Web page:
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Saturday, January 18, 2014

keeping To Final Statements

keeping To Final Statements

The most important lesson that every aspiring accountant learns right through his education and training is that of recording the transactions accurately and in the proper format. For there can be nothing more damaging to the credibility of the accounting process, if one could not rely on the figures thrown up.

Bookkeeping is an important aspect of an accountants job. Although it might seem quite mechanical, practically it is not so. In a large organization, despite standardized or mechanical data capture facilities bookkeeping is the best way to exercise control.

Accountants record transactions on the basis of vouchers. A voucher is a concise slip that shows the appropriate item to be debited or credited along with full details of the supporting documents. Usually, cash and check payments are recorded through vouchers. Assume, the firm paid $20 in cash for buying office stationery. The debit voucher shows the account to be debited as Printing and Stationery or any equivalent term, the amount paid in figures and words and the details of the bill from the supplier.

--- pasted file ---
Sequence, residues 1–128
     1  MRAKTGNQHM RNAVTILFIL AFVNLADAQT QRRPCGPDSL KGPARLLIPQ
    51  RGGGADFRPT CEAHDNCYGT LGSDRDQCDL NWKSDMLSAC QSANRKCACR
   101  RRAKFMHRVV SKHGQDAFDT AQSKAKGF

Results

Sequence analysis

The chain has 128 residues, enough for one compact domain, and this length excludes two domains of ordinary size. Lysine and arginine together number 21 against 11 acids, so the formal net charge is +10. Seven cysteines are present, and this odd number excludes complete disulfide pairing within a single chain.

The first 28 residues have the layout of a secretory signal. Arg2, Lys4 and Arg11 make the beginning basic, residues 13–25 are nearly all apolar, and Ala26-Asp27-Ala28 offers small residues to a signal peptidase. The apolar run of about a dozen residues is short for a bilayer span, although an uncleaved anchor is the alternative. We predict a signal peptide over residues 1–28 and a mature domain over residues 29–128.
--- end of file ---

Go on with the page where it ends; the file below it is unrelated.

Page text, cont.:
For the sales and purchases transactions, entries are made in a book called the sales journal and purchases journal. The credit sales and purchases are recorded with complete details about bill number, party name, quantity and total amount. The daily totals from the journals are posted into the respective ledger accounts. Cash sales and purchases are posted directly from the cash book.

The books of prime entry are the Cash book with columns for bank transactions, Sales journal, Purchases Journal and General Journal. The General Ledger is the book of secondary entry. Recording of transactions is complete only when they have been posted into the appropriate accounts in the General ledger. On a monthly interval, all the accounts in the ledger are totaled. Then a statement called the trial balance is extracted that lists all accounts with their respective balances. If the trial balance tallies, that is the debit balances equal credit balances, the numerical accuracy of the accounting system is established. Otherwise, we could conclude that the double entry principle has not been adopted properly.

Other statements that the bookkeeper maintains are the bank reconciliation, creditors ledger, debtors ledger and fixed assets register.

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